Persistent organic pollutants: towards a POPs-free future

Even long-banned persistent organic pollutants (POPs) still linger in the environment; others are still in use and are being directly emitted; and new POPs may be identified for which we have limited information. This Future Brief from Science for Environment Policy presents recent research into POPs’ potential impacts, the levels and future outlook for POPs in the environment and humans, and how we can reduce our use of POPs.

04/10/2017 -

Exposure to Agent Orange sprayed during the Vietnam War has been linked to increased levels of certain hormones in women and their breastfeeding children decades later, potentially putting them at higher risk of health problems, according to a new study in Science of the Total Environment. More:


Agent Orange still linked to hormone imbalances in babies in Vietnam

Exposure to Agent Orange sprayed during the Vietnam War has been linked to increased levels of certain hormones in women and their breastfeeding children decades later, potentially putting them at higher risk of health problems, according to a new study in Science of the Total Environment. More:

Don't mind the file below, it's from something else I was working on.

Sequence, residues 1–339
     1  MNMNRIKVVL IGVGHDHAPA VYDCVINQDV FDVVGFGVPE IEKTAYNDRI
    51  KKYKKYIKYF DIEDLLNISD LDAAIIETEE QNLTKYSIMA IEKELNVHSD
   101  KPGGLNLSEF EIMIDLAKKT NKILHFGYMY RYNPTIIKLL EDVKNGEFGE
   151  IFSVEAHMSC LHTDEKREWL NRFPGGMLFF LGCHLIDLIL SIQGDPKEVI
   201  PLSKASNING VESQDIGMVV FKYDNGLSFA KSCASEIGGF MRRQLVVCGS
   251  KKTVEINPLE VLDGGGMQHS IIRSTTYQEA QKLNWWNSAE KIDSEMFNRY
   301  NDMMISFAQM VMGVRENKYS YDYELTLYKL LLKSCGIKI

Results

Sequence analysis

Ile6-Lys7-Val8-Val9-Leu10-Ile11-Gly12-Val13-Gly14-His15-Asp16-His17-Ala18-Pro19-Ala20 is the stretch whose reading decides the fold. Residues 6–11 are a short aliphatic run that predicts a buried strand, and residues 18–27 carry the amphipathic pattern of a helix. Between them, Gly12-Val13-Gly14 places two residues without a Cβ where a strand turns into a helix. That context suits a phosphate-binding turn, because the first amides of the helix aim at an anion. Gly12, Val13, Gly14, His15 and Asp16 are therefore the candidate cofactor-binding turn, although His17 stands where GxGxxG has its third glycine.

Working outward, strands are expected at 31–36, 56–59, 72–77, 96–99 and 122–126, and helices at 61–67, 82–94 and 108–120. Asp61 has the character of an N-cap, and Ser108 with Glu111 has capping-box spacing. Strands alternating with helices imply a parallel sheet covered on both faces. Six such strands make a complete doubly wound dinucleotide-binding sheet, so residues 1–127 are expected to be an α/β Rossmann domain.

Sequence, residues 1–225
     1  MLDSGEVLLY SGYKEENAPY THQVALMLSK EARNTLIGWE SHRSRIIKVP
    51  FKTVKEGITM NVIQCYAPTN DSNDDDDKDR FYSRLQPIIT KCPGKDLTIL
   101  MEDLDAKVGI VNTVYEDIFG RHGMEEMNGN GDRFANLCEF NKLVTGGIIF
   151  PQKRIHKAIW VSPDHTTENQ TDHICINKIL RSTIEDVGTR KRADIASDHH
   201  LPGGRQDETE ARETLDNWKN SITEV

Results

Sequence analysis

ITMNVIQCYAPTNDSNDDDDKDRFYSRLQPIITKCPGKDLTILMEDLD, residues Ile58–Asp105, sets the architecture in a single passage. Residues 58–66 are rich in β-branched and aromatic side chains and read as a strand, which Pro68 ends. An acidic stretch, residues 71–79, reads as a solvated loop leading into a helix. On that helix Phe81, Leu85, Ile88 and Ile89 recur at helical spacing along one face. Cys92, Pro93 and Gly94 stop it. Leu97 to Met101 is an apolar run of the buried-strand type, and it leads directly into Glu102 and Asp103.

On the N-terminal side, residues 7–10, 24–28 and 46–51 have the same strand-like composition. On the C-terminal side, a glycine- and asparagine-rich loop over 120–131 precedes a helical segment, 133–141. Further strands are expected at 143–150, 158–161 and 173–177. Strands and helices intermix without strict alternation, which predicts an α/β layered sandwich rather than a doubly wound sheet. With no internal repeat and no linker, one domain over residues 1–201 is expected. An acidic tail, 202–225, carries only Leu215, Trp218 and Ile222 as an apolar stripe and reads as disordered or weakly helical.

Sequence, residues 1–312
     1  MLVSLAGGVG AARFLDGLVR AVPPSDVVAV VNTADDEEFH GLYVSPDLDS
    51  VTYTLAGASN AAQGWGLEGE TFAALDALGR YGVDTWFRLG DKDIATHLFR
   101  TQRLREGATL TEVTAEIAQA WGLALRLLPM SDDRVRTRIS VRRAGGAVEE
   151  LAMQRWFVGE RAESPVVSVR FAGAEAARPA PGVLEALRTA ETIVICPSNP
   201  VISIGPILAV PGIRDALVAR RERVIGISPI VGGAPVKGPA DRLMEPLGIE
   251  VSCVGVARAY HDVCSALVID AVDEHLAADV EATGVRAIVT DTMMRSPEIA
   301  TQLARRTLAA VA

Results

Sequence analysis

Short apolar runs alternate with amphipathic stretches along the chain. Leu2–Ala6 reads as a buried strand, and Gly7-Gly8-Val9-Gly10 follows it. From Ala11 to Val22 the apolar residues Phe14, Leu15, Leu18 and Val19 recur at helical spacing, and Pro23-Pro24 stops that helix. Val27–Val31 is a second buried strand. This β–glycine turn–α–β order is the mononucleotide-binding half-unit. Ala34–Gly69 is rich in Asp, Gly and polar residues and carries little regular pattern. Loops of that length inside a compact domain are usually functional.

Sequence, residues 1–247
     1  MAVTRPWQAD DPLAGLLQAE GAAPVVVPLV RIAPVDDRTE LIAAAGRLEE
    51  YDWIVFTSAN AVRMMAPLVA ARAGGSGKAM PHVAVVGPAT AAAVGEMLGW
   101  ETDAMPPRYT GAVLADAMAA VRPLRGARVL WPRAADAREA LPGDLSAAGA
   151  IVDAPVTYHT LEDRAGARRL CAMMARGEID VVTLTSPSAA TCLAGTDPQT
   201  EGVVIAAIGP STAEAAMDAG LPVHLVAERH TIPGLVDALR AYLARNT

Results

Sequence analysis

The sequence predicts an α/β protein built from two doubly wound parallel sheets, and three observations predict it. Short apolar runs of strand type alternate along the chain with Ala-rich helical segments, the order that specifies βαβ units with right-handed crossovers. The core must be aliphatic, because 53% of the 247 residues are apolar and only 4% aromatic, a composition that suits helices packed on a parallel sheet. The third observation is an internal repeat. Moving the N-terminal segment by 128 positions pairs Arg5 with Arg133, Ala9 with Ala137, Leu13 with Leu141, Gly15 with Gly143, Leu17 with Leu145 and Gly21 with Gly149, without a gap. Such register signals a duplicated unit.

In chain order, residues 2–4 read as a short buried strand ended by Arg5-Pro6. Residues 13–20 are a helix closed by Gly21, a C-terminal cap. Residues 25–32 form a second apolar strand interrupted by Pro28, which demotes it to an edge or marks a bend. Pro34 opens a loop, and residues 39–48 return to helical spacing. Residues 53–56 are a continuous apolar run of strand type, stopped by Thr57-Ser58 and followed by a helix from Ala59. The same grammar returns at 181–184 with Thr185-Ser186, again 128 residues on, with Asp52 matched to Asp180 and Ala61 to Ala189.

03/10/2017 -

A new study provides disturbing evidence that children’s exposure to household insecticides is linked to higher risks of childhood leukemia and lymphoma, the most common cancers in children. The analysis also found an association between use of outdoor herbicides to lawns and gardens and higher risks of leukemia. More:


Study Links Childhood Cancer and In-Home Pesticide Use

A new study provides disturbing evidence that children’s exposure to household insecticides is linked to higher risks of childhood leukemia and lymphoma, the most common cancers in children. The analysis also found an association between use of outdoor herbicides to lawns and gardens and higher risks of leukemia. More:

02/10/2017 -

Perfluorooctanoic acid, widely used for decades in the making of nonstick coatings like Teflon and a variety of other consumer products, is considered toxic even in tiny amounts. PFOA has been linked to cancer, birth defects and immune system dysfunction. In 2006, eight major chemical companies, including 3M and DuPont, entered into a “voluntary stewardship agreement” to phase out the production and use of PFOA by 2015. In its place, the industry switched to other chemicals in the same family that were deemed less hazardous. But lately experts have begun to believe that these new chemicals also pose grave threats to human health. More:


Trading old hazards for new? Mystery shrouds chemicals that replaced PFOA